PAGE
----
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southpaw82
Posted on: Yesterday, 15:31


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Other than delaying the commencement of any ban.
  Forum: Speeding and other Criminal Offences · Post Preview: #1453243 · Replies: 23 · Views: 997

southpaw82
Posted on: Yesterday, 15:03


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You can ask them for anything you like. However, they are not obliged to provide you with anything. Strictly speaking there is no obligation to serve an NIP on you at all so you ought to concentrate on the s 172 notice requiring you to name the driver. Miss that and it’s 6 points and a bigger fine than speeding.
  Forum: Speeding and other Criminal Offences · Post Preview: #1453230 · Replies: 23 · Views: 997

southpaw82
Posted on: Fri, 18 Jan 2019 - 19:18


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QUOTE (The Rookie @ Fri, 18 Jan 2019 - 16:36) *
QUOTE (southpaw82 @ Thu, 17 Jan 2019 - 21:30) *
It’s only exempt to the extent that it would prejudice an investigation. I fail to see how it could do so now.

Third party data should not be disclosed unless a balancing exercise has been carried out or it’s for the purposes of (eg) legal proceedings.

I see no bar to the data being released here.

The second point I noted was that information would be in there about the other driver, even if the drivers ID was redacted NML knows their identity so it would disclose information about that person?



QUOTE (cp8759 @ Fri, 18 Jan 2019 - 18:18) *
QUOTE (The Rookie @ Fri, 18 Jan 2019 - 16:36) *
QUOTE (southpaw82 @ Thu, 17 Jan 2019 - 21:30) *
It’s only exempt to the extent that it would prejudice an investigation. I fail to see how it could do so now.

Third party data should not be disclosed unless a balancing exercise has been carried out or it’s for the purposes of (eg) legal proceedings.

I see no bar to the data being released here.

The second point I noted was that information would be in there about the other driver, even if the drivers ID was redacted NML knows their identity so it would disclose information about that person?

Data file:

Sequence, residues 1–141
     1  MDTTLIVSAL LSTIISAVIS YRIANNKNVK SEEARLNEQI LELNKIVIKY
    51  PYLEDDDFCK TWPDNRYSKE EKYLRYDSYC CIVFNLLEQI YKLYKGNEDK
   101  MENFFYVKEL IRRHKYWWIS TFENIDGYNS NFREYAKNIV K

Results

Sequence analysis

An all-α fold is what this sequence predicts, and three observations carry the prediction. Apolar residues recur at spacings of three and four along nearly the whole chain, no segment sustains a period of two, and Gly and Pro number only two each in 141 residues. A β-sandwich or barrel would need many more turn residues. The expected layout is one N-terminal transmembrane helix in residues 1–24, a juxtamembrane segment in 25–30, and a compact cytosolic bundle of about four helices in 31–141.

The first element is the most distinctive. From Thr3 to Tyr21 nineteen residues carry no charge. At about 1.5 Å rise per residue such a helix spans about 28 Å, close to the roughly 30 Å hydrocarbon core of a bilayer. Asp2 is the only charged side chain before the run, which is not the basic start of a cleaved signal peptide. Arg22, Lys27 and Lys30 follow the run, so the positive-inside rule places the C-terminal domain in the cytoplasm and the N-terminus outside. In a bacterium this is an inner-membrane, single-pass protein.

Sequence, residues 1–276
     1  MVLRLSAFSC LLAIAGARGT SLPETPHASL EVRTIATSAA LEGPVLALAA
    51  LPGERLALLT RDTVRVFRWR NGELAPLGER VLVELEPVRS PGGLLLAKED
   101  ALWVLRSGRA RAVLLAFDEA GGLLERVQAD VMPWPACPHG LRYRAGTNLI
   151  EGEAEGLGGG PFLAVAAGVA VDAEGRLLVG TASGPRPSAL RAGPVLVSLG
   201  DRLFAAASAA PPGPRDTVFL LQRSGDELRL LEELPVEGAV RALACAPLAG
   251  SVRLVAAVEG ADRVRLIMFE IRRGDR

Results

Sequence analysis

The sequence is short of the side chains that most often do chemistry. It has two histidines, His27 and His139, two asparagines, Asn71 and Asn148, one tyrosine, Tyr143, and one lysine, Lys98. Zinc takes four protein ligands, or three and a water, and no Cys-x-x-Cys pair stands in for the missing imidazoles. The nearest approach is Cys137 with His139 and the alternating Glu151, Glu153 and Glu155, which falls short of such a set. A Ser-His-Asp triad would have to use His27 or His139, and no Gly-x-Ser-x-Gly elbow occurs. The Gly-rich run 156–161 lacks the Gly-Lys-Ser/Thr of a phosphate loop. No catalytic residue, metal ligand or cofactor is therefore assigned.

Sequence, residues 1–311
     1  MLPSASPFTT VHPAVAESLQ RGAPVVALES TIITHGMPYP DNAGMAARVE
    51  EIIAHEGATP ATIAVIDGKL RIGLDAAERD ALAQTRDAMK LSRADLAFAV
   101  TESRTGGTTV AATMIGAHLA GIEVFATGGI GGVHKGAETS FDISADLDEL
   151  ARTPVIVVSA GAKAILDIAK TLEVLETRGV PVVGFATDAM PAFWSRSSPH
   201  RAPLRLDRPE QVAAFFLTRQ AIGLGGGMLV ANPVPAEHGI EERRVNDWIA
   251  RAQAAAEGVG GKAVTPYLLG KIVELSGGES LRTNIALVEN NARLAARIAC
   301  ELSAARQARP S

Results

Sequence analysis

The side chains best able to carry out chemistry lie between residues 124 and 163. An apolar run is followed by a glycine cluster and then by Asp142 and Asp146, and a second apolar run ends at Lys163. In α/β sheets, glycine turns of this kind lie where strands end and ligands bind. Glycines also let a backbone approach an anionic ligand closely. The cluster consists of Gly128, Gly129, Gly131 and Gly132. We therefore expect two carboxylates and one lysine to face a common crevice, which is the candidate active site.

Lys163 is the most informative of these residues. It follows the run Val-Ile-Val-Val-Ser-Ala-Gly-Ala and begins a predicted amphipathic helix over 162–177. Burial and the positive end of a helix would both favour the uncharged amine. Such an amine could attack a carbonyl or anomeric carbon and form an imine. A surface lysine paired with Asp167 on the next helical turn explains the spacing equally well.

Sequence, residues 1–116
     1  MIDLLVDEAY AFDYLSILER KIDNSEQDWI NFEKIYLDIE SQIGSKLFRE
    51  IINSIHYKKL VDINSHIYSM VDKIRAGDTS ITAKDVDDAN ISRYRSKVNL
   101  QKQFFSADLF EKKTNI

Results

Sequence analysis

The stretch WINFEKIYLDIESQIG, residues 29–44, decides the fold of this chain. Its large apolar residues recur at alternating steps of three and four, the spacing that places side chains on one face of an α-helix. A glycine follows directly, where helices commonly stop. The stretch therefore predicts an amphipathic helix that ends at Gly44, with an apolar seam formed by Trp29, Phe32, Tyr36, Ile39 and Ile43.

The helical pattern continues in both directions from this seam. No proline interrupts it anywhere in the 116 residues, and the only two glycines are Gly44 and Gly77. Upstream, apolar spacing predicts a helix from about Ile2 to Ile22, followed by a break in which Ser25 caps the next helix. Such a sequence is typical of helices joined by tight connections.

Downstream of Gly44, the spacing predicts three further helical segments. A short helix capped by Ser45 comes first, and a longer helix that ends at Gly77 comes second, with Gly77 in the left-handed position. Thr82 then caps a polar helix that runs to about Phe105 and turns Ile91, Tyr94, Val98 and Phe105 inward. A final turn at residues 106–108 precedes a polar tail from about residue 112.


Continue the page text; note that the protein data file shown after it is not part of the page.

Exactly that, the only way to get the information under DPA would be if the driver consented to the data being disclosed.

This is what the UK ICO says

QUOTE
Responding to a subject access request may involve providing information that relates both to the individual making the request and to another individual.

The DPA 2018 says that you do not have to comply with the request if it would mean disclosing information about another individual who can be identified from that information, except if:

the other individual has consented to the disclosure; or
it is reasonable to comply with the request without that individual’s consent.
In determining whether it is reasonable to disclose the information, you must take into account all of the relevant circumstances, including:

the type of information that you would disclose;
any duty of confidentiality you owe to the other individual;
any steps you have taken to seek consent from the other individual;
whether the other individual is capable of giving consent; and
any express refusal of consent by the other individual.
So, although you may sometimes be able to disclose information relating to a third party, you need to decide whether it is appropriate to do so in each case. This decision will involve balancing the data subject’s right of access against the other individual’s rights. If the other person consents to you disclosing the information about them, then it would be unreasonable not to do so. However, if there is no such consent, you must decide whether to disclose the information anyway.

For the avoidance of doubt, you cannot refuse to provide access to personal data about an individual simply because you obtained that data from a third party. The rules about third party data apply only to personal data which includes both information about the individual who is the subject of the request and information about someone else.


It would be for the data controller, initially, to decide whether it was reasonable to release the data in the circumstances without explicit consent. Now, that’s not to say that it must or even should be released but it is indeed possible.
  Forum: The Flame Pit · Post Preview: #1452996 · Replies: 296 · Views: 13,595

southpaw82
Posted on: Fri, 18 Jan 2019 - 19:10


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QUOTE (rk001 @ Fri, 18 Jan 2019 - 16:20) *
surely a breach of the code invalidates their right to collect on a PCN?

Why? They’re not collecting on a PCN they’re (potentially) suing for a breach of contract (normally). You seem confused with the council PCN process.
  Forum: Private Parking Tickets & Clamping · Post Preview: #1452994 · Replies: 13 · Views: 222

southpaw82
Posted on: Fri, 18 Jan 2019 - 13:37


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QUOTE (rk001 @ Fri, 18 Jan 2019 - 12:59) *
Thanks for the advice everyone. Much appreciated. The company is parking Eye.

Church mouse, the location was on the PCN. From what I understand, if the information on that is incorrect then the PCN is invalid, though I'm happy to be corrected. A technicality I know, but still worth pursuing this point?